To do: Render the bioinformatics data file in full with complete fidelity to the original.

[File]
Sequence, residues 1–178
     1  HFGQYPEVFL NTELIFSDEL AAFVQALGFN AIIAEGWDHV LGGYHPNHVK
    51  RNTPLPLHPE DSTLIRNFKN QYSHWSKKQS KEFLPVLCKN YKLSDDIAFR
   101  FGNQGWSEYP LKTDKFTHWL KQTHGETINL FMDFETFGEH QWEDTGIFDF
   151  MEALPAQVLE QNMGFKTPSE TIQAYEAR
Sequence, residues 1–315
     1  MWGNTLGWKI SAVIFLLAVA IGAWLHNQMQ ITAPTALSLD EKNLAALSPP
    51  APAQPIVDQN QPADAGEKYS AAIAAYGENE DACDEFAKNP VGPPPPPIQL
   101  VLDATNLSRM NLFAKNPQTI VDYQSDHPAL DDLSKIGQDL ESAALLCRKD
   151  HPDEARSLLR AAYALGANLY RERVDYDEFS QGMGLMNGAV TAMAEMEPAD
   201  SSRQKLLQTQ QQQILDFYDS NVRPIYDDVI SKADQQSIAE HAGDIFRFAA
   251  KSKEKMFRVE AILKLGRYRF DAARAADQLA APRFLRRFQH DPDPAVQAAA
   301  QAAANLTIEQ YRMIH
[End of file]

Sequence, residues 1–178
     1  HFGQYPEVFL NTELIFSDEL AAFVQALGFN AIIAEGWDHV LGGYHPNHVK
    51  RNTPLPLHPE DSTLIRNFKN QYSHWSKKQS KEFLPVLCKN YKLSDDIAFR
   101  FGNQGWSEYP LKTDKFTHWL KQTHGETINL FMDFETFGEH QWEDTGIFDF
   151  MEALPAQVLE QNMGFKTPSE TIQAYEAR
Sequence, residues 1–315
     1  MWGNTLGWKI SAVIFLLAVA IGAWLHNQMQ ITAPTALSLD EKNLAALSPP
    51  APAQPIVDQN QPADAGEKYS AAIAAYGENE DACDEFAKNP VGPPPPPIQL
   101  VLDATNLSRM NLFAKNPQTI VDYQSDHPAL DDLSKIGQDL ESAALLCRKD
   151  HPDEARSLLR AAYALGANLY RERVDYDEFS QGMGLMNGAV TAMAEMEPAD
   201  SSRQKLLQTQ QQQILDFYDS NVRPIYDDVI SKADQQSIAE HAGDIFRFAA
   251  KSKEKMFRVE AILKLGRYRF DAARAADQLA APRFLRRFQH DPDPAVQAAA
   301  QAAANLTIEQ YRMIH